The British have only suffered the threat of invasion without suffering occupation by an enemy force for nearly 1000 years.  How different a story from the French, whose attitude to their homes is far more transient? Their hearts belong to ‘La Patrie’ not to their rented accommodation. They have fought, spilled their blood and died on their own soil to keep their nation intact. No wonder they have a very great sense of being French.

For every culture ‘home’ is one of the most important concepts. However, it does not always equate to a physical space. Nomadic Arab tribes have a strong sense of home though they are always moving and reconstructing their living accommodation – their intricately designed tents. Home for them is belonging to their tribe – not nationhood. The French and American concept of home is less concerned with owning a piece of land or a house (although it is important to Americans) and more to do with the concept of homeland.  For the Brits, the concept of home is everything to do with our own physical space.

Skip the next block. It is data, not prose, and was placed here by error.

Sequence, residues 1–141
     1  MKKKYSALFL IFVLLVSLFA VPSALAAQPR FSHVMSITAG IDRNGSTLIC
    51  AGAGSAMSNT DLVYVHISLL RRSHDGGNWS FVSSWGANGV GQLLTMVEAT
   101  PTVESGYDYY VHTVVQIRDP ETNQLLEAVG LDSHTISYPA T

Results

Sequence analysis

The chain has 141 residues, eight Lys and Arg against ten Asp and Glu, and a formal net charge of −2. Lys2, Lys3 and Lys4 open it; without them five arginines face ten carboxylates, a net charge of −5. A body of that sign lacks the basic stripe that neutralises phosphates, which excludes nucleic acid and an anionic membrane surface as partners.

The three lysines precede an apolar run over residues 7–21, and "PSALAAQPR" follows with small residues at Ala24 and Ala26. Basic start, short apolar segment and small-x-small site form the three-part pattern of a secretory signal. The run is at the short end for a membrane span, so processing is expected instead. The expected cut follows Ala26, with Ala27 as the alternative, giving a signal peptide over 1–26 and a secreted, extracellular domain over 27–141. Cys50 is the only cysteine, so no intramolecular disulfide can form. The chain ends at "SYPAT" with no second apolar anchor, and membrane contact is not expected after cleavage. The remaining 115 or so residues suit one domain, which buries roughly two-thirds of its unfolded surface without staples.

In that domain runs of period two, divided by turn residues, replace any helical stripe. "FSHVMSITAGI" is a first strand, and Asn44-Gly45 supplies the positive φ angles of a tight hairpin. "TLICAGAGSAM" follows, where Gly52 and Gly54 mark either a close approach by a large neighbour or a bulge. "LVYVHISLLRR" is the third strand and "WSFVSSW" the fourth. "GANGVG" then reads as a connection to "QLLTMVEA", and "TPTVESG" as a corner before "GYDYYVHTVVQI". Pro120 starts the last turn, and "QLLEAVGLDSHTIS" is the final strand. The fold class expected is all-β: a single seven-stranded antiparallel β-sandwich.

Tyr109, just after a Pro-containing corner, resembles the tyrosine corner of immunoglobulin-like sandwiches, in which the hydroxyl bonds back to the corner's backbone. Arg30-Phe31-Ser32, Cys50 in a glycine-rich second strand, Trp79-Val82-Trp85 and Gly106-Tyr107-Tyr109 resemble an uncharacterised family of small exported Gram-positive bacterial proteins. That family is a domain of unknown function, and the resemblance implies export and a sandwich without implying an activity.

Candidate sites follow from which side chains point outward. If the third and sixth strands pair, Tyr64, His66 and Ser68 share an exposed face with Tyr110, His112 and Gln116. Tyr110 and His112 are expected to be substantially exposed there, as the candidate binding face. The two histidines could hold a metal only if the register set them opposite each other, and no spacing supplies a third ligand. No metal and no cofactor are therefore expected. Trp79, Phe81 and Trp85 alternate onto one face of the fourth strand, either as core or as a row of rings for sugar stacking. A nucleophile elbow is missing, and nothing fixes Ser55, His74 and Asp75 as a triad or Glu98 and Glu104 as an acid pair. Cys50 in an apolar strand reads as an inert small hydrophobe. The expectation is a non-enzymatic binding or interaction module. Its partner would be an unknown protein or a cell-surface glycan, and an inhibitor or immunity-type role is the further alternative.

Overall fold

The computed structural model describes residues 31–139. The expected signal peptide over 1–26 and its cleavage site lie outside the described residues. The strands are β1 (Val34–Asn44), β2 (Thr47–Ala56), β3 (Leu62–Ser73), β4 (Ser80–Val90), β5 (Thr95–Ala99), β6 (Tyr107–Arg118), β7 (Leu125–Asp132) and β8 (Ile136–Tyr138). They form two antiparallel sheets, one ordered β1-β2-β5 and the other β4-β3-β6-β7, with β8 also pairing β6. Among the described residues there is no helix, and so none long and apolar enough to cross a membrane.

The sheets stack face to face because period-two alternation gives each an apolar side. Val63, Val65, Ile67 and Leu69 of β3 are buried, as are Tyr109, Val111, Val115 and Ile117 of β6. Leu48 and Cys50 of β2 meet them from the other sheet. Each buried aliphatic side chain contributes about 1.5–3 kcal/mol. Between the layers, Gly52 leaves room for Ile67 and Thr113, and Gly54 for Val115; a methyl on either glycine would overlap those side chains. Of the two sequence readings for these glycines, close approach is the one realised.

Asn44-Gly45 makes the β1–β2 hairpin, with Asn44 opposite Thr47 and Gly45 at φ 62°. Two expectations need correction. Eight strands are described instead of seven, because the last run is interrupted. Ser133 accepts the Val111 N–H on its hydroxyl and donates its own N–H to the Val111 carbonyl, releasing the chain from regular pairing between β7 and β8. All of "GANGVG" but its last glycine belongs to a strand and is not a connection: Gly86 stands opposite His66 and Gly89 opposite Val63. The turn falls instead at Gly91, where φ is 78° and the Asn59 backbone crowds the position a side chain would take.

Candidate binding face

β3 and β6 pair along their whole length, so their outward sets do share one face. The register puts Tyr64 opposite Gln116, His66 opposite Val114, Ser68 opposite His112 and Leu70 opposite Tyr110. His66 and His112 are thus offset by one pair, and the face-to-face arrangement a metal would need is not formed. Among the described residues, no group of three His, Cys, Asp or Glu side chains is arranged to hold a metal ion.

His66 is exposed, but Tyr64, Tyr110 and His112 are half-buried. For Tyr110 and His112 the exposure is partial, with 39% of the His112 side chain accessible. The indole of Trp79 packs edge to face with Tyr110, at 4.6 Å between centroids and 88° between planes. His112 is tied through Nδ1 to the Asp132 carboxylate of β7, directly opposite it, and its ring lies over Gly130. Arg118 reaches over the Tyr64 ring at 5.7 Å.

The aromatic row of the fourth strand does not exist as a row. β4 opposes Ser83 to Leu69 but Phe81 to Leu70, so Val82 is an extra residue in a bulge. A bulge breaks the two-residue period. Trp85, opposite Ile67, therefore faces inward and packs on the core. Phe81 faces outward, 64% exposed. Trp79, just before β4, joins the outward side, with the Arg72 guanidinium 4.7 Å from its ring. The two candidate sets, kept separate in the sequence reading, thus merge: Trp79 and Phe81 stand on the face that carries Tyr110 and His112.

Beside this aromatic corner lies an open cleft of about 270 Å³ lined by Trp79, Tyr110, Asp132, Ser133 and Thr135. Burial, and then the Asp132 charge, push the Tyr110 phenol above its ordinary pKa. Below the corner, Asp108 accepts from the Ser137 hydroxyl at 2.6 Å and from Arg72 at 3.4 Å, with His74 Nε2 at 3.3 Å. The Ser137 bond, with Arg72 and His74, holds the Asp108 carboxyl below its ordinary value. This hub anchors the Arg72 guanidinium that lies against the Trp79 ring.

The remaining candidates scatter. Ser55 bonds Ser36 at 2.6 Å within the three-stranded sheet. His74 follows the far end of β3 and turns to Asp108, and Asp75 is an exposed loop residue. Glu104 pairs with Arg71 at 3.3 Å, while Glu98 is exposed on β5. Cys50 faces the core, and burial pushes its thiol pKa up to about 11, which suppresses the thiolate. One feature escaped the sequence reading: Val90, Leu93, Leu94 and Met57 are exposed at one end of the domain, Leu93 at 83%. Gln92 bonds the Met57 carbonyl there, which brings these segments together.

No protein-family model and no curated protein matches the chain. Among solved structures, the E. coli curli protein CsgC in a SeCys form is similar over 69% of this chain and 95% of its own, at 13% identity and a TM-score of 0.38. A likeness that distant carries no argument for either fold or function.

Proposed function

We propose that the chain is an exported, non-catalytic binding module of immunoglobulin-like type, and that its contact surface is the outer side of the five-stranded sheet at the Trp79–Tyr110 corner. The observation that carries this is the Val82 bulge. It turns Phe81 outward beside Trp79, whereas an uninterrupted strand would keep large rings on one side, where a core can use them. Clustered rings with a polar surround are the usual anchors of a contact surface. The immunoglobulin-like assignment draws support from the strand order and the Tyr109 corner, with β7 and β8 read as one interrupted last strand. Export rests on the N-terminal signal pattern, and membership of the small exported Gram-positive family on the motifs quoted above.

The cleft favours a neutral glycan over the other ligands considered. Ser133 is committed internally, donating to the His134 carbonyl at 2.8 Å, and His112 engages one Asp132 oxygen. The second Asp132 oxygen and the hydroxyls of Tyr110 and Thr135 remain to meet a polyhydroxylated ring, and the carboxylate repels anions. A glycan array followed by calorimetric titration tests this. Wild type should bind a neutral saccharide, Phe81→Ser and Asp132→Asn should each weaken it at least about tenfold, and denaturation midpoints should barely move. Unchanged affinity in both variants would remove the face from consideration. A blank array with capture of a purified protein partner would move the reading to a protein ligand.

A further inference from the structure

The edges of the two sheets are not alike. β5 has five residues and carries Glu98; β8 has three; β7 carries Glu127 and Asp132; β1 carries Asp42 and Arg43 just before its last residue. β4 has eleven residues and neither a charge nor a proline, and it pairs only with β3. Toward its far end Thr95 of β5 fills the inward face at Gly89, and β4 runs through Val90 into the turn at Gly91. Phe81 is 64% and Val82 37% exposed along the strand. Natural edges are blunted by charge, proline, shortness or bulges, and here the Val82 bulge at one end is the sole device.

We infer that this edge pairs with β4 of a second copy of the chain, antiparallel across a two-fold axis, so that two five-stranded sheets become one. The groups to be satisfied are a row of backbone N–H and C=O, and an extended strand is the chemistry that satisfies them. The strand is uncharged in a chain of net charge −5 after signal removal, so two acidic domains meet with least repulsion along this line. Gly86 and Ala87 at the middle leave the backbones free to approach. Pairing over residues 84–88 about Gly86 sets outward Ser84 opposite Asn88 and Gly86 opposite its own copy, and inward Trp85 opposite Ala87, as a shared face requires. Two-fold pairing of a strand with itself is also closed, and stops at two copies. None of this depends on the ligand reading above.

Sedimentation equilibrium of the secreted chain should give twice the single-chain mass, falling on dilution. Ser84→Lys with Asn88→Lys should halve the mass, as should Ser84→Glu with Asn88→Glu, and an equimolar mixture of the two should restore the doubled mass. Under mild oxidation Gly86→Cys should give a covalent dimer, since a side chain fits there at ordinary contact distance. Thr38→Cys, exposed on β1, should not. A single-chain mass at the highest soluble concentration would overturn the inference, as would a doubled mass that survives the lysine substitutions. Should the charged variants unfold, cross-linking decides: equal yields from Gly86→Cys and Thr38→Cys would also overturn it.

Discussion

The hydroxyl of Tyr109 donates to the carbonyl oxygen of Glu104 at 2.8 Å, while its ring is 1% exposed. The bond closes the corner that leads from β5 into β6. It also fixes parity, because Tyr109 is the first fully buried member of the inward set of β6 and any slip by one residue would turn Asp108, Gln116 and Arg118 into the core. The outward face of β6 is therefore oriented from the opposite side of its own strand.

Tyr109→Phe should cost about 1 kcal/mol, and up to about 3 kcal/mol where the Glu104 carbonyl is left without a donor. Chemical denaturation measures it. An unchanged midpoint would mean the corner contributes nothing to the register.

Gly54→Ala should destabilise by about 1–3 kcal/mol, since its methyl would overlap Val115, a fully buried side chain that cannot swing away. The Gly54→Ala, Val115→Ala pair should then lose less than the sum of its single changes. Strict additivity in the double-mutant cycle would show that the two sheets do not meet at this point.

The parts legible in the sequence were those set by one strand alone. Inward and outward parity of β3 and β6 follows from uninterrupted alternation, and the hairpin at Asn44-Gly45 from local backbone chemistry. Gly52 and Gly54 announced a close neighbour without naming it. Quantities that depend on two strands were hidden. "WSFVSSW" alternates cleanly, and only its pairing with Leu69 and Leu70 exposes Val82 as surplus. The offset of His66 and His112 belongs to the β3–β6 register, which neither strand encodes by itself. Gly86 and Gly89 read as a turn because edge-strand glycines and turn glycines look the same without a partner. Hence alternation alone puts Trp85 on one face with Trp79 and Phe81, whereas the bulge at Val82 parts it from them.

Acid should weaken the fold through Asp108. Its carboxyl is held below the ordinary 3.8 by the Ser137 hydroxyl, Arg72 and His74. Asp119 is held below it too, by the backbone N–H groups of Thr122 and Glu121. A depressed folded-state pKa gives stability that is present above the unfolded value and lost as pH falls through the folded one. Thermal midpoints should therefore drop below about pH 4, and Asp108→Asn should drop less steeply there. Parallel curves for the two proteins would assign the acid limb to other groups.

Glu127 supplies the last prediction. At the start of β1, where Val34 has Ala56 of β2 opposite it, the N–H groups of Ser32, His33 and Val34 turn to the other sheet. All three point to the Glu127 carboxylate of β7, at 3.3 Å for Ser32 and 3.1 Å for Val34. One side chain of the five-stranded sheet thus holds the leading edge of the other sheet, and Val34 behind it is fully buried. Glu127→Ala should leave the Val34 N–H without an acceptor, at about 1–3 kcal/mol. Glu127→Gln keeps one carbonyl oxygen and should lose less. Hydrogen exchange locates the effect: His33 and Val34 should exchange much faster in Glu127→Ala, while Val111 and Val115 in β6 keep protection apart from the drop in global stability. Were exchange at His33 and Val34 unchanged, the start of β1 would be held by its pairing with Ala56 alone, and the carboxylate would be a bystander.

When immigrants come to Britain we help them set up home and start a new life. At the same time, we help them to celebrate their ethnicity and hold on to their own traditions – so they can be themselves in their new home. In my experience, when immigrants come to this country they are looking for a new life and want to start afresh. Many have escaped appalling circumstances and lost their homes. They arrive wanting the chance of a better life.  They arrive wanting a sense of belonging, of UNITY with their new homeland.